Welcome! This blog contains research & information on lifestyle, nutrition and health for those with MS, as well as continuing information on the understanding of the endothelium and heart-brain connection. This blog is informative only--all medical decisions should be discussed with your own physicians.

The posts are searchable---simply type in your topic of interest in the search box at the top left.

Almost all of MS research is initiated and funded by pharmaceutical companies. This maintains the EAE mouse model and the auto-immune paradigm of MS, and continues the 20 billion dollar a year MS treatment industry. But as we learn more about slowed blood flow, gray matter atrophy, and environmental links to MS progression and disability--all things the current drugs do not address--we're discovering more about how to help those with MS.

To learn how this journey began, read my first post from August, 2009. Be well! Joan

Sunday, May 15, 2016

Ocrevus and "wrapping up MS"

While Dr. Stephen Hauser is proclaiming the "spectacular" results of the latest immune cell suppressing therapy, Ocrevus (ocrelizumab),  other MS researchers are not as impressed.
"While anti-CD20+ treatment for relapsing-remitting disease looked like a home run, these data in primary progressive disease are not nearly as impressive," David Hafler, MD, of Yale University in New Haven, Conn., who was not involved in the study, told MedPage Today.
Dennis Bourdette, MD, of Oregon Health & Science University in Portland, said the 24% reduction in confirmed progression "is not great."
"This is a younger group with shorter duration than in previous trials in PPMS," Bourdette told MedPage Today. "It is also not representative of most PPMS patients that neurologists are seeing today."

Not impressive results, in a younger healthier population of patients doesn't seem like something to get excited about, expecially with dangerous and deadly side effects.   But that doesn't stop the hyperbole.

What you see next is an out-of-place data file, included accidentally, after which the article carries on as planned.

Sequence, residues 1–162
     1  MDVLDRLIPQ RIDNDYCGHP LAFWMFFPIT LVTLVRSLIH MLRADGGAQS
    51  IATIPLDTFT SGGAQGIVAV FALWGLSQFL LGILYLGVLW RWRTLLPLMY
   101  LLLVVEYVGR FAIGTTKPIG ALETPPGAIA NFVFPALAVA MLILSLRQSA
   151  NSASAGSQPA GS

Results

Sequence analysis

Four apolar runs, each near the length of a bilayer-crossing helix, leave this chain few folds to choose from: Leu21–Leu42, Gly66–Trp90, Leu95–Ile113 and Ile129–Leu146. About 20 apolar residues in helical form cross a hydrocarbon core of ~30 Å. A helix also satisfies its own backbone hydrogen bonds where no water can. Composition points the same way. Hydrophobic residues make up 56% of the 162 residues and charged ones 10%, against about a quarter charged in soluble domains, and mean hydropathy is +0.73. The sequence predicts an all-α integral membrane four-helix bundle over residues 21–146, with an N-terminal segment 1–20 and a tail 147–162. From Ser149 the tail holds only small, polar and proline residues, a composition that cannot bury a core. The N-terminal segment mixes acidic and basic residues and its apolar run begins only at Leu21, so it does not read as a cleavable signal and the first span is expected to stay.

In a press release full of bravado ---"Wrapping up multiple sclerosis at UCSF"--  link  Dr. Hauser humble brags about his discovery.

“My hope is that, with these wonderful results against relapsing MS and finally a treatment that works at least partially for PPMS, there will be new octane in academia and industry to make even more meaningful advances,” says Hauser. “MS is no longer a black box. There is so much more that can be accomplished, and we need to build upon this important success.”

Hauser's wording could not be more ironic----as there will most likely be an FDA black box warning for ocrelizumab, due to the risk of deadly infections, malignancies, and patient deaths.

Dr. Thrower predicted that the FDA may approve ocrelizumab with a black box warning for progressive multifocal leukoencephalopathy (PML)

But Montalban noted that there were numerically more malignancies among those in the drug group. There were 11 cancers among those on ocrelizumab compared with only two in the placebo group, something that deserves further monitoring, he said.  There was also a numerical imbalance in deaths, with four in the drug group and one in the placebo group.

Ocrelizumab is a CD20 monoclonal antibody,  which was originally developed as a lymphoma treatment.  It targets and binds mature B lymphocytes and suppresses them.   It is a humanized version of the chimeric Rituxan, (which was a the end of its patent and had to be altered and re-patented for MS, to continue making money.)  So, the idea that this is a new discovery could not be further from the truth.

In fact, ocrelizumab has been around for many years, and trials of this drug in rheumatoid arthritis and lupus were halted, after serious infections and deaths were reported at 52 and 48 weeks.

There were 6 deaths associated with serious infections in the RA phase III trial.
There were 5 deaths associated with serious infections in the Lupus phase III trial.

The financial press didn't think ocrelizumab would ever get this far. The Wall Street Journal commented on the dangers of the drug back in 2010, when Roche ended its RA drug trial.

"Roche said Tuesday that ocrelizumab's phase II trials in treating patients with relapsing remitting multiple sclerosis are continuing. But some analysts doubt the drug will come to market as the recent safety issues are likely to put the U.S. Food and Drug Administration on alert.